November 1, 2013 - 12:00am
“I eavesdrop shamelessly,” confesses Ann Flower, assistant director of library services, with a somewhat mischievous smile on her face. She explains that many people simply don’t think to ask for help with their research or are unwilling to bother staff, instead sharing their dilemmas with other students. “I have never regretted jumping into those conversations to offer help and I am sure the students are happy I did, too.” Three years ago Ann purposely moved her desk from deeper inside the library to the front desk in order to be in the “thick of things,” making herself more visible and accessible to students in need of help navigating this increasing complex and voluminous world of data.
A San Francisco native, Ann came to the Monterey Institute straight from the University of California, Berkeley, where she earned her Master’s Degree in Library and Information Services 26 years ago. At the time she thought it might be a good start to her career, as she had always had her sights on academia, but by her second year she had connected completely with the unique Monterey community and made it her home. “I feel so fortunate that I can personalize world events by relating on a human level to people I know from those places, living those lives,” she says and adds that not many people can say that.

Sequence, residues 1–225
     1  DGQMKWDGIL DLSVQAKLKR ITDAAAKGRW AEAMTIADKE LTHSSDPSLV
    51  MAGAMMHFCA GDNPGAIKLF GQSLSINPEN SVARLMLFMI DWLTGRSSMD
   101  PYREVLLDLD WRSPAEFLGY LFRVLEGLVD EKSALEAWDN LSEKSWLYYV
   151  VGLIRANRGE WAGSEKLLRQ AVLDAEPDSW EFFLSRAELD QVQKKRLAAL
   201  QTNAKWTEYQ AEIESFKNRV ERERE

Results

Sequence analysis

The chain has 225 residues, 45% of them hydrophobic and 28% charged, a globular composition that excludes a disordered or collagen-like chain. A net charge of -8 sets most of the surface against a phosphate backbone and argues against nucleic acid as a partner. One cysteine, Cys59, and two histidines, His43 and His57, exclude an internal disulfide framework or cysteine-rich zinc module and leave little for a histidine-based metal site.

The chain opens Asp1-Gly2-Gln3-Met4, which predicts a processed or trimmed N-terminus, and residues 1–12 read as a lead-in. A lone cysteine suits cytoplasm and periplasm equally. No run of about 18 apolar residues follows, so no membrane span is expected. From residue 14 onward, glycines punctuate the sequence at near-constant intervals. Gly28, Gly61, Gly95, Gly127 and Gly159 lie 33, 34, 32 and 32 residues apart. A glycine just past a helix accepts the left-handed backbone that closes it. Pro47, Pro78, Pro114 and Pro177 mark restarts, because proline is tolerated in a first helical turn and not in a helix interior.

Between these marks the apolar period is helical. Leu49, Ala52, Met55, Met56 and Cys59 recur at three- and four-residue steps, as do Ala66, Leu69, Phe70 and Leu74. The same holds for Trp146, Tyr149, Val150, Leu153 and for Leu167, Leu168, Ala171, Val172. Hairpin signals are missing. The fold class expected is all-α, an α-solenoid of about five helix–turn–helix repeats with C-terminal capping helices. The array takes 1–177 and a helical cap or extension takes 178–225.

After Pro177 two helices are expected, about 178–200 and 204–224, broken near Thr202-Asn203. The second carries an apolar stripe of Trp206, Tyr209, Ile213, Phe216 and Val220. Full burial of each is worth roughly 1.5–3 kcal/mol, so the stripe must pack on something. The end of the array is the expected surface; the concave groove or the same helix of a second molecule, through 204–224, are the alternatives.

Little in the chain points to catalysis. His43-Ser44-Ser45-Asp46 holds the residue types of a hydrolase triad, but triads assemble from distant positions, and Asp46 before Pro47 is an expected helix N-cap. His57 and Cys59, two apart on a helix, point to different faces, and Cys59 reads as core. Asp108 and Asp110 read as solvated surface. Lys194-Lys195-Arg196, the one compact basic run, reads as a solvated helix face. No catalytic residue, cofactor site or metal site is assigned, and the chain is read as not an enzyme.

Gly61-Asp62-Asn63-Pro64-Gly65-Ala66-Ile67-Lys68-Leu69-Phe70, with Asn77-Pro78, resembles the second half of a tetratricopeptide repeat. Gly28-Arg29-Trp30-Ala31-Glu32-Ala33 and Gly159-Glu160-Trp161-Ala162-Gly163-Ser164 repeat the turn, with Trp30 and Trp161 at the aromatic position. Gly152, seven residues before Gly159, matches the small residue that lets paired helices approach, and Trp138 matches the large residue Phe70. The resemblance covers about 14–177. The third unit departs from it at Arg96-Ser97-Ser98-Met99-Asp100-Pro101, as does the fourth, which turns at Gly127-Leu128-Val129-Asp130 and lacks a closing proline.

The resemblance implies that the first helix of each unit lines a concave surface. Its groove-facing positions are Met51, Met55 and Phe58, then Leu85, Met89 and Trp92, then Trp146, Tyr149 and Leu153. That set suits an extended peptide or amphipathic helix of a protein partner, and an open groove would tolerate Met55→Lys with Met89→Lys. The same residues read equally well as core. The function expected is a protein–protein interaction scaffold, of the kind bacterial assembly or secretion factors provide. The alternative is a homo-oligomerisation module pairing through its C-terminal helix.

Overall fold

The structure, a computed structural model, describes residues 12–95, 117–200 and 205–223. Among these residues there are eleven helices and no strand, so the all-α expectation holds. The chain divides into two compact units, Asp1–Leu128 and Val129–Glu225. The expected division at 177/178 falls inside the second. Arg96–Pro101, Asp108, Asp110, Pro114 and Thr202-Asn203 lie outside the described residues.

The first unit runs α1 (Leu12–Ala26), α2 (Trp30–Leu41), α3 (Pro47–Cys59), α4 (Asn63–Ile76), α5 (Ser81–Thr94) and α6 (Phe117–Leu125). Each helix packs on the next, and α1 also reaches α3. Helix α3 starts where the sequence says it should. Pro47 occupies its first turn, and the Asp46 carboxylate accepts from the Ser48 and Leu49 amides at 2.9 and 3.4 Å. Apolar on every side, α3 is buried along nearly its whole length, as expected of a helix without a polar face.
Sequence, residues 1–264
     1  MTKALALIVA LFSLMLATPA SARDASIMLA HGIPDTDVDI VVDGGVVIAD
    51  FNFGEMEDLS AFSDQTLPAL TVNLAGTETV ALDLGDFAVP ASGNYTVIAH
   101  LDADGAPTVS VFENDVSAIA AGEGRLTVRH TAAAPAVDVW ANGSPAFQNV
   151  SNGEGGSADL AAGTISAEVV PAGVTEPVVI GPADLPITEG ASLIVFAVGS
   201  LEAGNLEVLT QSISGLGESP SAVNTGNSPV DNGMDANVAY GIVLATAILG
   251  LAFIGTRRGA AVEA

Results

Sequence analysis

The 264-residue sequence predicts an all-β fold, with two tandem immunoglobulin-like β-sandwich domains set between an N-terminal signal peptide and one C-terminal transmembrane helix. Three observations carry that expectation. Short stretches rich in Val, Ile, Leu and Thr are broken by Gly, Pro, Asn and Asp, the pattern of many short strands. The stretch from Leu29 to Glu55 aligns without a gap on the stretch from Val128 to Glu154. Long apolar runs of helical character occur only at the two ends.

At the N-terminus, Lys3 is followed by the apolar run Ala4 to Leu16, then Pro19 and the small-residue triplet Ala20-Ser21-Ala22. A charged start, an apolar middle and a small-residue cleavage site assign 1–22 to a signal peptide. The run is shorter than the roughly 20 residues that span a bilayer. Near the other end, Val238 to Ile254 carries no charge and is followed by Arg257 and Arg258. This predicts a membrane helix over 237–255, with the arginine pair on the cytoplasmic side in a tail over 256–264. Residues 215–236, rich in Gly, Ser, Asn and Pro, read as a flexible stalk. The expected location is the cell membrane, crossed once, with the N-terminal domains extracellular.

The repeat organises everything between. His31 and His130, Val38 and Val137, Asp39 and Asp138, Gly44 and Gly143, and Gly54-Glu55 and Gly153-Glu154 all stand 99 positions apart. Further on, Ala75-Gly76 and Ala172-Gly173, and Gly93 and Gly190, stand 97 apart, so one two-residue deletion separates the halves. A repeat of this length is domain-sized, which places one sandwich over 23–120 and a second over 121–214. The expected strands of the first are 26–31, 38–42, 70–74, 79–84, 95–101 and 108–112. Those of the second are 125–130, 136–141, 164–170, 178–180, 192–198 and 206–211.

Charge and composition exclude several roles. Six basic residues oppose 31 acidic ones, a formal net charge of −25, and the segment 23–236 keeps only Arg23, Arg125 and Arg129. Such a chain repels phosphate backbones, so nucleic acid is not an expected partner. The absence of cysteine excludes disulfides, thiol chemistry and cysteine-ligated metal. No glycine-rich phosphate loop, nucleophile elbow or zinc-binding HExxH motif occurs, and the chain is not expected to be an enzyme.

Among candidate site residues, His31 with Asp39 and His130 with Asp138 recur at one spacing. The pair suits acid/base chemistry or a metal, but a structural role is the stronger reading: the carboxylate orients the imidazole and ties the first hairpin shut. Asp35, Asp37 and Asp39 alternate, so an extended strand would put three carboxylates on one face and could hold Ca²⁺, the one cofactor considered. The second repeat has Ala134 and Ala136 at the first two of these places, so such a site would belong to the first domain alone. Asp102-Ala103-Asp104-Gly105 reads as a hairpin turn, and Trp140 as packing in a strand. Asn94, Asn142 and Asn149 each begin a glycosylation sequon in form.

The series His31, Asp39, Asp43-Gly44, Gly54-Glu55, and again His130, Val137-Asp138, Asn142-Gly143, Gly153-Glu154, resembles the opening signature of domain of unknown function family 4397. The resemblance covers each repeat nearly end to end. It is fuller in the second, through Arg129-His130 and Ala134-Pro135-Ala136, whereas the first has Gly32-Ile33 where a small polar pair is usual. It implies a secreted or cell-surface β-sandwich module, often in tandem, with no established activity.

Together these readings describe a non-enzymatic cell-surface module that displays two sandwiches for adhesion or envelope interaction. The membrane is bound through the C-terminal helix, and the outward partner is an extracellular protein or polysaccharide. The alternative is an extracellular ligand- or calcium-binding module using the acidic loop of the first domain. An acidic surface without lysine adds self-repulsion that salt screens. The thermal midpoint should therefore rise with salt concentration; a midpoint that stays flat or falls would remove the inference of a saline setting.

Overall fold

Ann often gets responses to research requests in languages she does not speak, like the morning we met with her, when she successfully found a Japanese official report on the Japanese language, in Japanese, as well as obscure Yunan province documents on the cultural revolution, in Chinese. “It’s like a puzzle,” she says with a happy grin, conceding that being a librarian at the Monterey Institute is never dull, and often a lot like being a detective.